A study came out in 2015 that was able to show how vitamin C can epigenetically reprogram melanoma cells. While this study uses a lot of complicated jargon, I will attempt to simplify it.
Why We Have a High Vitamin C Requirement
Approximately 99% of animals produce their own vitamin C and do not require it from their diet. It is thought our ancestors lost this ability to produce vitamin C internally roughly 25 million years ago. In fact, many species, such as anthropoid primates, teleost fishes, guinea pigs, as well as some bat and Passeriformes bird species, have lost the capacity to synthesize it.
The reason we lost it has to do with an evolutionary gene mutation, much like photolyase that use to protect us from the sun. As this seems like a mutation that would have seemed unfavorable for survival, it somehow became a dominant trait and remains a mystery.
From the research theorizing how diet has changed skin color, I would place my bet on the climate changing the available plant life, increasing vitamin C consumption and causing a genetic mutation that told the body it is no longer needed. Yet over hundreds of millions of years, the majority other animals did not lose this ability; most likely due to not obtaining enough from the diet to trigger a mutation.
The Epigenetic Effect of Vitamin C on Melanoma
This study looked at the loss of 5-hydroxymethylcytosine (5-hmC) as a novel epigenetic hallmark for melanoma. 5-hmC is formed from the DNA base cytosine by adding a methyl group and then a hydroxy group. This makes a hydroxymethyl group on the cytosine, and can possibly switch a gene on and off epigenetically. Every cell contains 5-hmC, with the highest level in the nervous system.
This confirms Dr. Cheraskin, Ringsfor and Sisly who said “there are more than ten thousand published scientific papers that make it quite clear that there is not one body process (such as what goes on inside cells or tissues) and not one disease or syndrome (from the common cold to leprosy) that is not influenced – directly or indirectly – by vitamin C.”
Reduction in the 5-hmC levels has been found to impair self-renewal in embryonic stem cells. Embryonic stem cells appear to have a unique role in the epigenetic state of the genome. The decrease of 5-hmC is hypothesized to occur from the decrease in expression of TET genes, which encode enzymes that catalyze the generation of 5hmC. Over-expressing the TET2 genes was shown to partially reestablish a normal 5hmC profile in melanoma and decrease invasiveness in rodents. Studies have established that TET genes require vitamin C as a cofactor to generate 5hmC.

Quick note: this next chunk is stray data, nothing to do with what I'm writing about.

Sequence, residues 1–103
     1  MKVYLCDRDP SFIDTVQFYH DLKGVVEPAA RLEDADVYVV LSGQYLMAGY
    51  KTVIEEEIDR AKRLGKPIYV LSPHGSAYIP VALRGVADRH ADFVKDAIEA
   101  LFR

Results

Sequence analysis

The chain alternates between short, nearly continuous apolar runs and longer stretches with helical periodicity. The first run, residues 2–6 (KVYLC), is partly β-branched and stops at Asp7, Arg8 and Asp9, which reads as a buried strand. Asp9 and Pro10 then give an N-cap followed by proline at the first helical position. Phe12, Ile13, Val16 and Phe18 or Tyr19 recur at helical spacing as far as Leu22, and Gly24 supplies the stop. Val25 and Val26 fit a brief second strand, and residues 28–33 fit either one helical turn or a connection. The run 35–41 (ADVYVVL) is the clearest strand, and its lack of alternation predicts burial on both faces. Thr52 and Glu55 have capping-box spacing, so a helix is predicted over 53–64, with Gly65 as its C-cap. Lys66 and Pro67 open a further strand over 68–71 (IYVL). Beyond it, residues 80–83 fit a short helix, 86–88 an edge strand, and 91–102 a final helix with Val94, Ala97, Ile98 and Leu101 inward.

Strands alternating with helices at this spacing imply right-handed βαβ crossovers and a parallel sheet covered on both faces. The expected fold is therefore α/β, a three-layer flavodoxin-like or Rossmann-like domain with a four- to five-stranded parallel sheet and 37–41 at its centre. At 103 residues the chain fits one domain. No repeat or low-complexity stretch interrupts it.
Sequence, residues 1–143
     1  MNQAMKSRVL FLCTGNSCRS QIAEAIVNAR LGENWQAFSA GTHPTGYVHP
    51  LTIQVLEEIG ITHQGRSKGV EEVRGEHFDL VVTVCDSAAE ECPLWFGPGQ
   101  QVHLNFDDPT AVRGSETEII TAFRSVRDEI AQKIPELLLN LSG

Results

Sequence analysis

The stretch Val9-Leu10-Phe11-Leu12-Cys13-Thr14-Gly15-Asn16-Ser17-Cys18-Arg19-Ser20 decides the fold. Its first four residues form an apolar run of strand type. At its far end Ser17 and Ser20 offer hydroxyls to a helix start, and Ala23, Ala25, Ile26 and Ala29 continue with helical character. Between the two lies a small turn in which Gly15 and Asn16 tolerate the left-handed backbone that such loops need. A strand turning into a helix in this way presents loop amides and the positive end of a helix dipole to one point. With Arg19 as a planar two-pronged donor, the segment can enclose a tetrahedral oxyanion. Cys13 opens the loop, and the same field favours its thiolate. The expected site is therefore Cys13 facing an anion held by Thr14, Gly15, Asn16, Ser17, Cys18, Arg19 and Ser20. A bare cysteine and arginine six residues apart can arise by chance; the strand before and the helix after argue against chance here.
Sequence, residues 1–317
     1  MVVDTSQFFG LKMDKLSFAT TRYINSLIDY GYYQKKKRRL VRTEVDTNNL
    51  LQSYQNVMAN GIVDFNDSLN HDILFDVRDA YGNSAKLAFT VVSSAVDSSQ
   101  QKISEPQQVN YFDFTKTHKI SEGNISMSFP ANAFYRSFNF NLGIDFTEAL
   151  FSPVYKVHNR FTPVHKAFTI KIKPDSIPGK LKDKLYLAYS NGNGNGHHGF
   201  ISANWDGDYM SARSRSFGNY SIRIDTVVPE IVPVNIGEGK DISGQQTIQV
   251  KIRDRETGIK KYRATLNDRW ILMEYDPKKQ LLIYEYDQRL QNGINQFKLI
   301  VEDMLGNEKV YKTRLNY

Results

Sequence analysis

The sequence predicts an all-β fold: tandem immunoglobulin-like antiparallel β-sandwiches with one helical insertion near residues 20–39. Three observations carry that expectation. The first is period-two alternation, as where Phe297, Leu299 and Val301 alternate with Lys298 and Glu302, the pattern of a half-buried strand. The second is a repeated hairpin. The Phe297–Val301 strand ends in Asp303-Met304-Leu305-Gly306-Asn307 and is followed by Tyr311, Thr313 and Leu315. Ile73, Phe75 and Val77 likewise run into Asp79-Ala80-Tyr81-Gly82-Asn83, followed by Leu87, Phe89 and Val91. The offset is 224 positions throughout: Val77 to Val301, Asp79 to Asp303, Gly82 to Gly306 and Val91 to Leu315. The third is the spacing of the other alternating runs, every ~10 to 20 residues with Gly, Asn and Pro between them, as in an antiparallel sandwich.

The researchers tested to see if vitamin C would increase 5-hmC and lower melanoma growth and proliferation. The researchers concluded “our data support the idea that vitamin C treatment increases 5hmC content in melanoma cells while causing a decrease in tumor-cell invasiveness. Thus, vitamin C could be a potential epigenetic treatment for melanoma.
Vitamin C and Melanoma: How Much Should You Take?
The Dynamic Flow Model put forth by Dr. Steve Hickey and Dr. Hillary Roberts addresses the flaws in vitamin C research while also giving the best explanation as to the full mechanism of vitamin C in the body. “It is biologically useful to have a dynamic flow through the body, even though not all the ascorbate is absorbed. During times of stress or infection, ascorbate absorption is increased; the surplus dietary ascorbate then acts as a reservoir upon which the body can draw without delay.”
In animals when levels are low, they make more. Humans cannot do this, and continually need to fill the reservoir for protection against free radical tissue damage that can happen continually throughout the day from our lifestyle, environment and exercise frequency. Therefore, it stands to reason a surplus of vitamin C would be better than a deficiency, with the dosage being spread out throughout the day. The amount tolerated by most people is 2000mg to 6000mg orally while vitamin C IV’s can also be used for those needing higher amounts.
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